As a band that helped create a genre as well as equate a city with a sound, EYEHATEGOD have always remained humble anytime words like "legend" were thrown around to describe them. The thing with legends is that they grow stronger in time and over the years; word of mouth has been kind to the band. New Orleans' EYEHATEGOD is bigger now than they ever have been in their 25 plus years as a band. Pretty impressive seeing as they haven’t released a full length album in almost 15 years. Most people who know the band have a story to tell or they heard a story about the guys. Whether it was them playing nothing but feedback to a bewildered White Zombie crowd during their opening stint for the arena metal band in the mid-nineties, being banned from a certain venue for attacking a promoter with a barstool or cleaning out entire small towns of their drug supply, these stories spread throughout the metal community over the years, usually through a game of one up-manship, establishing them as one of the most notorious bands around.
Certainly not the first band to be surrounded by myth and lore, EYEHATEGOD’s staying and growing power ultimately comes from the music. No one riffs like Jimmy Bower and Brian Patton. Drummer Joey LaCaze grooved and held it together with numerous bass players throughout the years, doing so impeccably with Gary Mader over the past decade. Singer Mike IX Williams has always been able to encapsulate the ruins of life through his lyrics and vocal delivery. All combined, the music is the most genuine, distressing cacophony of sound around.
Black Sabbath mixed with Black Flag with a little bit of Skynyrd & the element of Blues thrown in there, Bower once said of the band’s sound. In 2014 that style might sound somewhat commonplace. In 1988 it most definitely was not. The band’s second album, 1993’s Take as Needed for Pain is the pinnacle album that other bands of this genre try and reach. Today, EYEHATEGOD sounds as fresh and innovative as ever. When the band released its first new track in over a decade, New Orleans Is The New Vietnam, it was clear that nothing about the band had changed. The band was touring more than they ever had and used the time and energy together to work on an album’s worth of songs. At the end of 2012 they were ready.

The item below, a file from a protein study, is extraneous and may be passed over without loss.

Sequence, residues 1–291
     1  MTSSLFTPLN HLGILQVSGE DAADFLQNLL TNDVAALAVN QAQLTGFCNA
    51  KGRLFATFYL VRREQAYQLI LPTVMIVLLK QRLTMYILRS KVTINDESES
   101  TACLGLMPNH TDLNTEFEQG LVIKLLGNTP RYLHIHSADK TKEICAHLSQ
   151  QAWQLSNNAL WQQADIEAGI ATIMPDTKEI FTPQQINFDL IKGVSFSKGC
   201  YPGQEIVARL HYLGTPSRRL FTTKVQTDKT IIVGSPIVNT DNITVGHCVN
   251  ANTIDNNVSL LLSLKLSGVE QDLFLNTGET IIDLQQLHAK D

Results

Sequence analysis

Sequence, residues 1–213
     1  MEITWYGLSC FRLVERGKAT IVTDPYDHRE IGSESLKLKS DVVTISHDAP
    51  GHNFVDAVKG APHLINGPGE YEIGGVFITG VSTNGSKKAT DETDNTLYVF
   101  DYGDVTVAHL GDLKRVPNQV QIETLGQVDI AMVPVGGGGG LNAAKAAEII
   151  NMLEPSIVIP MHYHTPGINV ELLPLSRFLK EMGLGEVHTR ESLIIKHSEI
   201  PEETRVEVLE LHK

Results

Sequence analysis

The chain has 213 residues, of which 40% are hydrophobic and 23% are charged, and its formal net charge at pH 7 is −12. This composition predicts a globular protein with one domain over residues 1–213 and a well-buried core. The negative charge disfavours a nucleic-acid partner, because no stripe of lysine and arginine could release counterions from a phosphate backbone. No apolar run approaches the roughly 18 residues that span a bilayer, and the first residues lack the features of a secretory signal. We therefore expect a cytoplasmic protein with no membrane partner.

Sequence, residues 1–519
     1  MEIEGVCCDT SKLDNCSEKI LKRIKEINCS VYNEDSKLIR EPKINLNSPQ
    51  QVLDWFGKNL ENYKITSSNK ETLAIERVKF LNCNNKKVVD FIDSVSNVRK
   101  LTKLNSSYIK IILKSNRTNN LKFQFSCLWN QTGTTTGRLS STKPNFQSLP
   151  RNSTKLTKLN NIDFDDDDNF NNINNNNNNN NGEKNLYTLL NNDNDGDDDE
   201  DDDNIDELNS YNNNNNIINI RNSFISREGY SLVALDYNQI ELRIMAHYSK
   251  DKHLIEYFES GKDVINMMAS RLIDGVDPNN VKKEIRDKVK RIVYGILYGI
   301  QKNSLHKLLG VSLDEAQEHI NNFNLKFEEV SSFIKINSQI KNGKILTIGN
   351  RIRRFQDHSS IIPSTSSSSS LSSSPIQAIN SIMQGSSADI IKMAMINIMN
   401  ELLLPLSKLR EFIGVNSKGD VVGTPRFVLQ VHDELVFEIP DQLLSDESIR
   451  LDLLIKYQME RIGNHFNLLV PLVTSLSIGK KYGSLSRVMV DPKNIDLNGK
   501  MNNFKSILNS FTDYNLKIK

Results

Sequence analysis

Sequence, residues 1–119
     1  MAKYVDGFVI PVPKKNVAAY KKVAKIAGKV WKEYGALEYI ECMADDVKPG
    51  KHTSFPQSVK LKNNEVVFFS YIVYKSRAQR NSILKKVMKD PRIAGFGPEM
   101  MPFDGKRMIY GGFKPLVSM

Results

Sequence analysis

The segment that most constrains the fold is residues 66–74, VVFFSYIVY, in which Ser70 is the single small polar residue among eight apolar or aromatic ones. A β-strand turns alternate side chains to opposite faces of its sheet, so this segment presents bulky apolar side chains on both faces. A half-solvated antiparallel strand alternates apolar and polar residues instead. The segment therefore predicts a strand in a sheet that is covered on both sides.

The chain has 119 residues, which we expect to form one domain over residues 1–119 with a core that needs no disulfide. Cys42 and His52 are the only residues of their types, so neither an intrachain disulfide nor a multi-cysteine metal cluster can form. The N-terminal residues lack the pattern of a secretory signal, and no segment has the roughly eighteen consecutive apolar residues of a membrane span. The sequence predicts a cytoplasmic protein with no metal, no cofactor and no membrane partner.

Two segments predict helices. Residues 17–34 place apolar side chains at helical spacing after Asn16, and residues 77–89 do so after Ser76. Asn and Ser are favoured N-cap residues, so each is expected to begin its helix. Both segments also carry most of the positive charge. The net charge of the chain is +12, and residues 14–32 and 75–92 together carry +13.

The recording process for the new album started with producer Billy Anderson back in the fold (he recorded 1996’s Dopesick). The session saw both producer and band not quite on the same page and at the end, the album was unfinished. A few months later, the band reconvened at longtime friend Phil Anselmo’s home studio with producer Stephen Berrigan (Down). Both Anselmo and Berrigan helped draw out the missing pieces to one of underground metal’s most anticipated albums in years.
EYEHATEGOD, the self-titled album will be released on May 27th with partners, Housecore Records (North America), Century Media (Europe, Australia and New Zealand) and Daymare (Japan). Mixed by Sanford Parker (Voivod, Corrections House, Nachtmystium), the album was entirely put together and financed by the band. After 25 years and collectively having dealt with just about every record label out there, big and small, EYEHATEGOD wanted complete control. They got it.
An unexpected tragedy occurred shortly upon returning home from a recent 5 week European tour in the Fall of 2013, percussionist Joey LaCaze passed away due to respiratory failure. An outpouring of condolences and tributes spread online. Enough can’t be said of the loss felt by the band, family and friends. Fortunately, LaCaze’s drum tracks were captured by Anderson and appear on the album, creating the definitive tribute for the member of the band that encapsulated the best just what EYEHATEGOD was all about; seriously not taking yourself too seriously.
New Orleans native, Aaron Hill (Mountain of Wizard, Missing Monuments), took over for Joseph LaCaze without missing a beat, both figuratively and literally. EYEHATEGOD hit the road after wrapping up the album and plan their most exhaustive touring to date in support of the new album.
Recently Williams spoke to NPR and reflected back upon their career:
"We were kids when we first signed to Century Media. Back then in 1989, all of us were in other bands then; EYEHATEGOD was a side band for all of us, so we just signed it thinking, "Free trip to Europe!" Thinking that would be it. I never would've thought 25 years later I'd be playing sold out shows…the things we've been through since then -- it's just amazing, great times and bad times, but it's all life experience."